GCP: storkctl get clusterpair -n demo
NAME           STORAGE-STATUS   SCHEDULER-STATUS   CREATED
remote-azure   Ready            Ready              02 Oct 19 12:19 EDT

We’ll be using recurring backups so we can run backups on a schedule. Once the clusters are paired, you need to configure a few things in order to set up recurring backups. The first is a SchedulePolicy


$GCP: cat migration-schedule.yaml
apiVersion: stork.libopenstorage.org/v1alpha1
kind: SchedulePolicy
metadata:
  name: migration-policy
  namespace: demo
policy:
  interval:
    intervalMinutes: 15
  daily:
    time: "10:14PM"
  weekly:
    day: "Thursday"
    time: "10:13PM"
  monthly:
    date: 14
    time: "8:05PM"

The next thing is a MigrationSchedule which connects the specified policy above to a migration which targets applications. In this case, we will target the entire demo namespace and include our volumes but we wont start the applications on the Azure cloud, we’ll run that manually.

> Pro tip. You can include “selectors:” under the “namespaces:” parameter if you only want to migrate certain resources within a namespace such as a label on a specific PVC and using that to select just one PVC instead of everything in the namespace.


$GCP: cat migrate-demo-ns.yaml
apiVersion: stork.libopenstorage.org/v1alpha1
kind: MigrationSchedule
metadata:
  name: demo-migration-schedule-to-azure
  namespace: demo
spec
  template:
    spec:
      clusterPair: remote-azure
      includeResources: true
      startApplications: false
      includeVolumes: true
      namespaces:
      - demo
  schedulePolicyName: migration-policy

Once we apply both of these files to our GCP cluster, it will start an initial migration which takes a point in time snapshot of our volumes as well as the Kubernetes application state. Below you can see our first migration moved 2/2 volumes and 16/16 resources which include application configuration and Kubernetes objects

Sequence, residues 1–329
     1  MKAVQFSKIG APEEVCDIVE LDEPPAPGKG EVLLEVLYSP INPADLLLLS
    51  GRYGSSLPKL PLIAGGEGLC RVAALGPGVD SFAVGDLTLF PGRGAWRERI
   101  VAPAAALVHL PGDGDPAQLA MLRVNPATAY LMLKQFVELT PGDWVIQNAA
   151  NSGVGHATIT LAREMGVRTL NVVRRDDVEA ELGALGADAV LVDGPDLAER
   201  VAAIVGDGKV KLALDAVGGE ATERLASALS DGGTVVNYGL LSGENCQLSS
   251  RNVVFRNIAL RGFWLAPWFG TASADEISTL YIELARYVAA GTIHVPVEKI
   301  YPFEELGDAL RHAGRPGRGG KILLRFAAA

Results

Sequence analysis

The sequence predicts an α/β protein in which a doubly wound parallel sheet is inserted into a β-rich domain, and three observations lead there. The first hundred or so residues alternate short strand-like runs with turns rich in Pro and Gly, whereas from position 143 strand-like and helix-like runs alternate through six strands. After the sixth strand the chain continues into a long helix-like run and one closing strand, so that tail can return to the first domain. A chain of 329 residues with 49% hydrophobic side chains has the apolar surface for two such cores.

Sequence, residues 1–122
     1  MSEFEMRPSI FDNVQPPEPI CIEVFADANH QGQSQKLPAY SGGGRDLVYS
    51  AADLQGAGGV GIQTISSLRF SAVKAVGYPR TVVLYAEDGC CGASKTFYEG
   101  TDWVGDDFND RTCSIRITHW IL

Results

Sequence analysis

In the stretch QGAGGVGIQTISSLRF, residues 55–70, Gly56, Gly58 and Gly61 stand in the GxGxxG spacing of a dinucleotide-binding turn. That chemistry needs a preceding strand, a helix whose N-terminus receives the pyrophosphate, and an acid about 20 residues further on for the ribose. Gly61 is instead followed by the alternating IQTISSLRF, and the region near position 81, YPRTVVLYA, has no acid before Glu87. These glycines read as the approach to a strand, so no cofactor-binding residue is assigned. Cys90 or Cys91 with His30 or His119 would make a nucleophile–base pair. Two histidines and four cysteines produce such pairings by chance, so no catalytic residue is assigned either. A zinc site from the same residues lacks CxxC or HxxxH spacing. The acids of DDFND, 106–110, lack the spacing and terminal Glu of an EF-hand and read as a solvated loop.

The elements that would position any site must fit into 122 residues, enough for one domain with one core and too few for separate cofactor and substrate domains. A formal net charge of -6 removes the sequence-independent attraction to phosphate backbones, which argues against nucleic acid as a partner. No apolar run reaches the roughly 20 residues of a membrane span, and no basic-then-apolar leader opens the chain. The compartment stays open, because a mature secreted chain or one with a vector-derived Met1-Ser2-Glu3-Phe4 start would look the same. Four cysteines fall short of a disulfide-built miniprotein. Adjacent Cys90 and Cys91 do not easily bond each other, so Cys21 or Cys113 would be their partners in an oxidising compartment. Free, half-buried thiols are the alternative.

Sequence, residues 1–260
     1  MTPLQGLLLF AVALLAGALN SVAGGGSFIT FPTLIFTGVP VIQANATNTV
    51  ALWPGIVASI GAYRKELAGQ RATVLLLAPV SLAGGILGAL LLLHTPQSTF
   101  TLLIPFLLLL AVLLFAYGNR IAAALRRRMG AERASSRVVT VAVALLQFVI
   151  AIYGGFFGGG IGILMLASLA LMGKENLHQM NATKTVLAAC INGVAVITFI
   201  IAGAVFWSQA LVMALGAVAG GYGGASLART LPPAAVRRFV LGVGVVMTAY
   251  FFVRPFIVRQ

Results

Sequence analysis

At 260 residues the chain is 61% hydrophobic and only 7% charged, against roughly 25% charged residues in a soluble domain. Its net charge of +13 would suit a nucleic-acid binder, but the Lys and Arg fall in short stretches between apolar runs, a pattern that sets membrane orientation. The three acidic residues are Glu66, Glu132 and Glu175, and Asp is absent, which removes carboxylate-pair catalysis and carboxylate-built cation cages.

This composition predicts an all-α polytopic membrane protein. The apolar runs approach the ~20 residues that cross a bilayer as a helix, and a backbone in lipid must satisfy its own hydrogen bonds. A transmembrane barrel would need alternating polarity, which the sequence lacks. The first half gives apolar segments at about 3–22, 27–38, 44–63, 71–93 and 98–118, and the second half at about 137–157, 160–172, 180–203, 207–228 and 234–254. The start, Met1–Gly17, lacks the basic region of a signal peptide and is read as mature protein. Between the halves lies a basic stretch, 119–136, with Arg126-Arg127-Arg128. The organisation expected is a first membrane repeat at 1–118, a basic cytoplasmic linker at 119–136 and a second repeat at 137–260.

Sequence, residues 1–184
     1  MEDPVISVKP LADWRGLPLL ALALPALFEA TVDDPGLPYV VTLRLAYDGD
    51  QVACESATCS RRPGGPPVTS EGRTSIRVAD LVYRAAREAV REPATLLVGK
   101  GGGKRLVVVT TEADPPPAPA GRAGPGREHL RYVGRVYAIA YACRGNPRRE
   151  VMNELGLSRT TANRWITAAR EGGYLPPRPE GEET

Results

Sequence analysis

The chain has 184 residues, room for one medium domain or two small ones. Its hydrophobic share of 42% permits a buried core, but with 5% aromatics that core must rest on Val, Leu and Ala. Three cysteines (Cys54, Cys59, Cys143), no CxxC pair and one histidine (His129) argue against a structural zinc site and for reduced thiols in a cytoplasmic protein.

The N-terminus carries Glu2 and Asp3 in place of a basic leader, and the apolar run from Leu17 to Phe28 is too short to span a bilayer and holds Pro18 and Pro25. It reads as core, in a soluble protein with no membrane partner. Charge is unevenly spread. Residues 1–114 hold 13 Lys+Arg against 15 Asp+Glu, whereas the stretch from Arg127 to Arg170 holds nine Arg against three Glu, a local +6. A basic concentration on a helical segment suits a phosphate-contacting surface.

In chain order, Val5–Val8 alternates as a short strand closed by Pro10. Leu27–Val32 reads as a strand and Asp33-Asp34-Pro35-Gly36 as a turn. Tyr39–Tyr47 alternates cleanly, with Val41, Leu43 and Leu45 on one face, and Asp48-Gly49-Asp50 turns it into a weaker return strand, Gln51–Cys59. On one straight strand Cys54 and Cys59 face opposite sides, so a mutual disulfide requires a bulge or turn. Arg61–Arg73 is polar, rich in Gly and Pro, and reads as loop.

$GCP: storkctl get migrations -n demo
NAME                                                          CLUSTERPAIR STAGE STATUS VOLUMES RESOURCES CREATED               ELAPSED
demo-migration-schedule-to-azure-interval-2019-10-03-205539   remote-azure Final Successful 2/2 16/16 03 Oct 19 16:55 EDT   1m38s

At this point you should see your newly created demo namespace in your Azure cluster.


$ watch kubectl get ns demo 
Every 2.0s: kubectl get ns demo
NAME    STATUS AGE
demo    Active 6s

As well as the deployment objects for our applications, though, they shouldn’t be running yet because we just want the state and data staged in Azure ready for us to turn it on, this is why we used startApplications: false in the migration object above.


$AZURE: kubectl get deployments -n demo
NAME                     READY UP-TO-DATE AVAILABLE   AGE
k8s-counter-deployment   0/0 0 0         2m17s
mysql                    0/0 0 0         2m17s
postgres                 0/0 0 0         2m16s

We now have everything we need in order to “turn on” our applications in Azure with a point in time backup of our application state, volumes and app definitions. Keep in mind, this means any changes that are made to the data in the volume or the Kubernetes objects in the original cluster won’t be available until the next backup, which we scheduled for every 15 minutes in our schedule policy. 

> Note: subsequent backups made after the initial one will be incremental such that a full backup is not taken every time. This improved the performance and reliability of backups from one cloud to another.

If you want to turn on your applications in Azure, remember to consider these steps.

  1. Stop migrations so that we don’t try to overwrite any data. Do this by updating the “suspend: true” in the MigrationSchedule by using kubectl edit or by using storkctl.
  2. (Optional) Turn off applications in the GCP. You can do this by using kubectl scale and only if you intend to bring down services on the OpenShift cluster running in GCP. This is optional because we have two separate clusters which can serve traffic and PVC are independent copies. Though, if you are serving live traffic and have a load balancer, its likely a good idea.
  3. Activate your applications on the Azure cluster with the following command.

1. $GCP: storkctl suspend migrationschedules --clusterPair remote-azure
2. $GCP kubectl scale --replicas=0 deployments -n demo
3. $AZURE: storkctl activate migration -n demo

At this point, you should be able to look at both OpenShift dashboards and see that Azure should be running or starting all the pods for the applications. Once all pods are running, you can access these applications to see that they will have the exact data that we took our backup from.

Great! That’s how you can achieve moving Kubernetes applicatiosn from Google Cloud to Azure with OpenShift 4.2 and Portworx Enterprise data management. If you prefer to watch a demo of the above use case, check out the below video which will take you through the step by step of what we talked about in this blog.